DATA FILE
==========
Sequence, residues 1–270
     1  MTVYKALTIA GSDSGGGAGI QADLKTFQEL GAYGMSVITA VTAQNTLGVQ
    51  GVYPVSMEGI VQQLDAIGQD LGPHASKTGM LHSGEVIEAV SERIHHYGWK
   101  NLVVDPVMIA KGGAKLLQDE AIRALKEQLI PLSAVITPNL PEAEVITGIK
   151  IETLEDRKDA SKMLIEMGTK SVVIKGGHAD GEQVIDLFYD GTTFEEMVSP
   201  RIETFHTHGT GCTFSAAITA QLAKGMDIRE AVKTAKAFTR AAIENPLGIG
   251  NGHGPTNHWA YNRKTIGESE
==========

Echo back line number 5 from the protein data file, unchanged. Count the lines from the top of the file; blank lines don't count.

   151  IETLEDRKDA SKMLIEMGTK SVVIKGGHAD GEQVIDLFYD GTTFEEMVSP